Immediately following this blast, the ship swerved abruptly to the right, throwing me across the compartment into the bulkhead which painfully stopped my career through the air. My frantically questing hand caught the edge of the portal. The sight of the Green Man drawing a bead on the new helmsman held me enthralled.

Our ship had flown close as our savage assailant urged his thoat to charge up towards our flyer. As his weapon trained on the ships officers, I was suddenly startled to see his rifle begin to disintegrate, as well as the rest of the metal in his harness and saddle. When the cinch buckle disappeared and the staples and brads holding the saddle tree together vanished, the thoat sensed his rider's stunned reaction to the disintegration of his weapons and saddle. The Green Man lost his concentration and the control of his mount in the same instant. The thoat stopped running, throwing the rider off balance.

The Green Man slid off the ruins of his saddle onto the springy moss which broke the force of his fall, allowing him to rise, naked, to his feet, the leather of his harness straps hanging loosely over his shoulders. He stared stupefied at the ship for a moment, his mount completely forgotten. The thoat, however, had not forgotten him nor the brutal methods of control which the Green Men employ. The heavy club which was used to subdue the thoat still hung by a leather thong from the creature's lower wrist, but the bludgeon proved to be an ineffectual defense against the enraged beast's vengeance. No sooner had the Green Man risen to his feet, than the thoat charged, trampling the man beneath its huge nailless extremities, grinding the corpse into the mossy ground, bellowing out its rage and triumph until its need for vengeance had been sated and it sauntered off grazing on the moss.

The laughter of the Jaharians above deck echoed in my ears. The laughter of the Green Man is reputed to have a chilling, terrifying effect on the listener, because the loudest convulsions of the humorous hysterias of the Green man is reserved for those times when the victims of the most horrendous tortures the creatures can devise are creating a cacophony of screams and groans as they endure their death throes. I can only hope that I never hear those laughs, because the ones I heard coming from above decks, were as horrible as any I had ever heard.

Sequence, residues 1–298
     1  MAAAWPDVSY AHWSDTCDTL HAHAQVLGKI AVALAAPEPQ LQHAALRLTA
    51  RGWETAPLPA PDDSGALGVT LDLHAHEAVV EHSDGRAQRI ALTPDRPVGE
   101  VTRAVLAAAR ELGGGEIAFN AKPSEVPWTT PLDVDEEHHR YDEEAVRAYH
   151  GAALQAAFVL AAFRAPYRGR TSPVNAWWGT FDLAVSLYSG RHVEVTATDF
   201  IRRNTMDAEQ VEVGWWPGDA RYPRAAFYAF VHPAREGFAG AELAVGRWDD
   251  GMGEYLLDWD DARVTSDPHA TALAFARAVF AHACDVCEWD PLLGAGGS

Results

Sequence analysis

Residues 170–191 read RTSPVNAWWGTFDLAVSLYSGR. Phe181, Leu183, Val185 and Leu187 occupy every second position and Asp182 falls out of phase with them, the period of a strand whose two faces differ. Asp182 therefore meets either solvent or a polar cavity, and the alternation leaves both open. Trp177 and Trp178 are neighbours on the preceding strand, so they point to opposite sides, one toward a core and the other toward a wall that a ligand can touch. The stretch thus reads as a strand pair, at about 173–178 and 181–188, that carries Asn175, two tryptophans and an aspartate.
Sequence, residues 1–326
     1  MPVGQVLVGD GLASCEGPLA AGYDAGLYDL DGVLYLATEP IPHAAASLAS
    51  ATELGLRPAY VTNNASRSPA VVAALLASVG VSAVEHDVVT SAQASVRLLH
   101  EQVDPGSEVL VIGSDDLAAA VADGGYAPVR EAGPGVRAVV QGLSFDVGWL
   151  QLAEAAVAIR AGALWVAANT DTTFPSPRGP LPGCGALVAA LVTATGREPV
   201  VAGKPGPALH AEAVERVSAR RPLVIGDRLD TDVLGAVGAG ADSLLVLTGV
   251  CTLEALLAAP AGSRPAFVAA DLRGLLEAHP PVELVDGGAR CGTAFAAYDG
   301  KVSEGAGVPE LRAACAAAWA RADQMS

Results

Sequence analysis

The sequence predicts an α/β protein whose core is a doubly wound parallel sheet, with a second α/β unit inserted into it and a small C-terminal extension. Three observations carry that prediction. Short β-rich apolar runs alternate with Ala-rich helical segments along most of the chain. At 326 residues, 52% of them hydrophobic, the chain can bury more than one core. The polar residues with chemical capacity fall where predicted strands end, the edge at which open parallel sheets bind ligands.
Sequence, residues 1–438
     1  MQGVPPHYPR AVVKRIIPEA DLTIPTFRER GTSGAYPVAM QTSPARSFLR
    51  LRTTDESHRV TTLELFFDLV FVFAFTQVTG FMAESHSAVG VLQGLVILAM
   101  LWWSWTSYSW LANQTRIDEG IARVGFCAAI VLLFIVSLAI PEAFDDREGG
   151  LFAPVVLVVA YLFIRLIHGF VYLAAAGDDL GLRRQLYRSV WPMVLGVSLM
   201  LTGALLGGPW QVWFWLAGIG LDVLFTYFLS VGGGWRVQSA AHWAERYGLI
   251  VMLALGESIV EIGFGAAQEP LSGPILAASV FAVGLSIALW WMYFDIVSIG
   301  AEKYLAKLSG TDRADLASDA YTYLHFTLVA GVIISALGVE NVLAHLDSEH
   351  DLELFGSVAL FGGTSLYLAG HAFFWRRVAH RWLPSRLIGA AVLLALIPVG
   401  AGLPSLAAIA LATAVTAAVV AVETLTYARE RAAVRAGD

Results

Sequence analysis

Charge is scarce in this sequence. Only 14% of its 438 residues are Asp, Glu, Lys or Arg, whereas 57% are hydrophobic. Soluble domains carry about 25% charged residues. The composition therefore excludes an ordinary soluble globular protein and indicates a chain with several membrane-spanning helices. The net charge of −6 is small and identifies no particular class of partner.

The laughter died down and the ship righted itself, accelerating to the west, flying low and fast to avoid meeting any of our attacker's fellow warriors.

Then, the body of the luckless helmsman plummeted past the porthole through which I had seen the demise of the Green man. Such a burial is common among the peoples of Barsoom. The food represented by the body was best delivered to those animals who would need it to survive, besides which, I knew, my captors had no plans to risk the ship in a useless ceremony for a warrior of no account. However, they had first stripped the body of its valuables and harness, to deliver them to the man's heirs, if he had any left on this war torn planet.

Still, I wondered why the Green Man's harness and weapons had fallen apart. How had that happened? By what mechanism or force had the very existence of the metal in them ceased to be? Did the Jaharians have aught to do with it? The thought was inescapable. Both incidents had occurred when the Jaharian ship was near. Did they have a weapon that disintegrated metal or was it a side effect of the hideous blue paint that covered the ship's exterior? I discarded that theory immediately because the metal in my harness had not disintegrated upon my approach. I pondered these enigmas until my head ached again, but could discern no answer to my questions.